The Profiler

Ruby comes with a code profiler (documented in the library section). The profiler shows you the number of times each method in the program is called and the average and cumulative time that Ruby spends in those methods.

You can add profiling to your code using the command-line option -r profile or from within the code using require "profile". Here’s an example:


count = 0

words = File.open("/usr/share/dict/words")

while word = words.gets

word = word.chomp!

if word.length == 12

count += 1



puts "#{count} twelve-character words"

The first time we ran this (without profiling) against a dictionary of almost 235,000 words, it took a noticeable time to complete. Wondering if we could improve on this, we added the command-line option -r profile and tried again. Eventually we saw output that looked like the following:

20460 twelve-character words

% cumulative self self total

time seconds seconds calls ms/call ms/call name

9.03 1.21 1.21 234936 0.01 0.01 String#chomp!

8.88 2.40 1.19 234937 0.01 0.01 IO#gets

7.61 3.42 1.02 234936 0.00 0.00 String#length

6.94 4.35 0.93 234936 0.00 0.00 Fixnum#==

0.82 4.46 0.11 20460 0.01 0.01 Fixnum#+

0.00 4.46 0.00 2 0.00 0.00 IO#set_encoding

0.00 4.46 0.00 1 0.00 0.00 IO#open

. . . .

The first thing to notice is that the timings shown are a lot slower than when the program runs without the profiler. Profiling has a serious overhead, but the assumption is that it applies across the board, and therefore the relative numbers are still meaningful. This particular program clearly spends a lot of time in the loop, which executes almost 235,000 times. Each time, it invokes both gets and chomp!. We could probably improve performance if we could either make the stuff in the loop less expensive or eliminate the loop altogether. One way of doing the latter is to read the word list into one long string and then use a pattern to match and extract all twelve character words:


words = File.read("/usr/share/dict/words")

count = words.scan(/^............\n/).size

puts "#{count} twelve-character words"

Our profile numbers are now a lot better (and the program runs more than five times faster when we take the profiling back out):

% ruby -r profile code/trouble/profileeg1.rb

20462 twelve-character words

% cumulative self self total

time seconds seconds calls ms/call ms/call name

100.00 0.26 0.26 1 260.00 260.00 String#scan

0.00 0.26 0.00 1 0.00 0.00 Fixnum#to_s

0.00 0.26 0.00 1 0.00 0.00 IO.read

0.00 0.26 0.00 1 0.00 0.00 TracePoint#enable

0.00 0.26 0.00 1 0.00 0.00 Array#size

0.00 0.26 0.00 2 0.00 0.00 IO#set_encoding

0.00 0.26 0.00 2 0.00 0.00 IO#write

0.00 0.26 0.00 1 0.00 0.00 IO#puts

0.00 0.26 0.00 1 0.00 0.00 Kernel#puts

0.00 0.26 0.00 1 0.00 0.00 TracePoint#disable

0.00 0.26 0.00 1 0.00 260.00 #toplevel

Remember to check the code without the profiler afterward, though—sometimes the slowdown the profiler introduces can mask other problems.

Ruby is a wonderfully transparent and expressive language, but it does not relieve the programmer of the need to apply common sense: creating unnecessary objects, performing unneeded work, and creating bloated code will slow down your programs regardless of the language.

Code Execution Coverage

Ruby 1.9.2 comes with low-level code coverage built in to the interpreter (see the Coverage module). It tracks which lines of code were executed in your code.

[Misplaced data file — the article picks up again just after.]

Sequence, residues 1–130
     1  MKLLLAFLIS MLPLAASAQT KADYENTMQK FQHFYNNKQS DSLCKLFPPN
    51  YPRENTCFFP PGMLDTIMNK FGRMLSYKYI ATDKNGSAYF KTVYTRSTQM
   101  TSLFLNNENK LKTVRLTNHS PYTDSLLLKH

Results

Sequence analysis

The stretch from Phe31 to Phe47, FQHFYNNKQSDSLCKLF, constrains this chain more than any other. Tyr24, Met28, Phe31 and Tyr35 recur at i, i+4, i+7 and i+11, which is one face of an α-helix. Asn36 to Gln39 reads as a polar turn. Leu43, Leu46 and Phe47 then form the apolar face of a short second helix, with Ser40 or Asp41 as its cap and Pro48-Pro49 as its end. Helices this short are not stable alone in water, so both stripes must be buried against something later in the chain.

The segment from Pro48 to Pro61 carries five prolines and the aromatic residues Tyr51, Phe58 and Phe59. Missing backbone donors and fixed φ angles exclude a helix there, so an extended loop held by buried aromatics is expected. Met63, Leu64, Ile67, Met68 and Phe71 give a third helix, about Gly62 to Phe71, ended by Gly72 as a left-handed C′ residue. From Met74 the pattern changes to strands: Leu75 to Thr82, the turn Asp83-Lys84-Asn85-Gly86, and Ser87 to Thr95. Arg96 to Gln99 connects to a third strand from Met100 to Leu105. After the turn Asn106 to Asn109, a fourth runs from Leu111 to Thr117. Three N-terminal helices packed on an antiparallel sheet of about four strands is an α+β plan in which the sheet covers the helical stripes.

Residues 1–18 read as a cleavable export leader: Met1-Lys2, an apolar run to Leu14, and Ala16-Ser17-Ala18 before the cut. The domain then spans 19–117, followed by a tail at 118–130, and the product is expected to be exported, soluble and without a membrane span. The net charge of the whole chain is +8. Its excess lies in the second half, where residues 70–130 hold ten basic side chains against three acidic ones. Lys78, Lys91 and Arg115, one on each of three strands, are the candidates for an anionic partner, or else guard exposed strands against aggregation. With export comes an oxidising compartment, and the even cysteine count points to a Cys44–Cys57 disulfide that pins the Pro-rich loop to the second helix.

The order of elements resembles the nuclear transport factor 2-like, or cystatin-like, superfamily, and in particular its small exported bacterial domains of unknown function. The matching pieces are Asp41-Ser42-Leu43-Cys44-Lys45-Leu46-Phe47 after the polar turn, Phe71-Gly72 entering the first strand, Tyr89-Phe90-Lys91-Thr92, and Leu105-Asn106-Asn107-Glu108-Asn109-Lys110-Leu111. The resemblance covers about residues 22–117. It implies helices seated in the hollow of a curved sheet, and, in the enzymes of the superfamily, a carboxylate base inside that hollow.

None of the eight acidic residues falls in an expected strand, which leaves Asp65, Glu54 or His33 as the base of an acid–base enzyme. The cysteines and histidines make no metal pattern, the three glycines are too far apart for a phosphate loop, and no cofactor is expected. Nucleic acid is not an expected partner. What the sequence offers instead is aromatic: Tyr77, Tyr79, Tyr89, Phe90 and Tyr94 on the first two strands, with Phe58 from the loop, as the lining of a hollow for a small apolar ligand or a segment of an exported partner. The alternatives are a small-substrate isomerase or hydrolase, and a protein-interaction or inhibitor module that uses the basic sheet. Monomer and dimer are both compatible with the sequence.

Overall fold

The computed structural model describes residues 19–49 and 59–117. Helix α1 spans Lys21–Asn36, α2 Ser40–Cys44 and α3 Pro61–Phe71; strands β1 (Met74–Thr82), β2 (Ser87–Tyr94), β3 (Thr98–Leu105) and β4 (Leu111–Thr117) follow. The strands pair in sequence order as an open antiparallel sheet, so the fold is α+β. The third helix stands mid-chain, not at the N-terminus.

People are starting to build libraries that wrap this low-level functionality with filters, HTML output, and the like. Two examples are Mark Bates’ CoverMe and Christoph Olszowka’s simplecov.

Both are installed as gems, and both come with comprehensive instructions on how to integrate them into your test environment.

For our simple tennis scoring example, the summary, written as an HTML file, is fairly straightforward:

Click the name of a file, and you’ll get a display of which lines were executed:

Table 6. Debugger commands


A null command repeats the last command.

b[reak] [file|class:]line

Sets breakpoint at given line in file (default current file) or class.

b[reak] [file|class:]name

Sets breakpoint at method in file or class.


Displays breakpoints and watchpoints.

cat[ch] exception

Stops when exception is raised.


Lists current catches.


Continues execution.

del[ete] [nnn]

Deletes breakpoint nnn (default all).

disp[lay] expr

Displays value of nnn every time debugger gets control.


Shows current displays.

down nnn=1

Moves down nnn levels in the call stack.


Synonym for where.


Finishes execution of the current function.


Shows summary of commands.

l[ist] [start–end]

Lists source lines from start to end.

m[ethod] i[nstance] obj

Displays instance methods of obj.

m[ethod] Name

Displays instance methods of the class or module name.

n[ext] nnn=1

Executes next nnn lines, stepping over methods.

[p] expr

Evaluates expr in the current context. expr may include assignment to variables and method invocations.


Exits the debugger.

s[tep] nnn=1

Executes next nnn lines, stepping into methods.

th[read] l[ist]

Lists all threads.

th[read] [c[ur[rent]]]

Displays status of current thread.

th[read] [c[ur[rent]]] nnn

Makes thread nnn current and stops it.

th[read] stop nnn

Makes thread nnn current and stops it.

th[read] resume nnn

Resumes thread nnn.

th[read] [sw[itch]] nnn

Switches thread context to nnn.

tr[ace] (on|off) [all]

Toggles execution trace of current or all threads.

undisp[lay] [nnn]

Removes display (default all).

up nnn=1

Moves up nnn levels in the call stack.

v[ar] c[onst] Name

Displays constants in class or module name.

v[ar] g[lobal]

Displays global variables.

v[ar] l[ocal]

Displays local variables.

v[ar] i[stance] obj

Displays instance variables of obj.

wat[ch] expr

Breaks when expression becomes true.


Displays current call stack.



Many developers use Sublime Text ( http://www.sublimetext.com/ ), a cross-platform editor chock full of features, including Ruby code execution.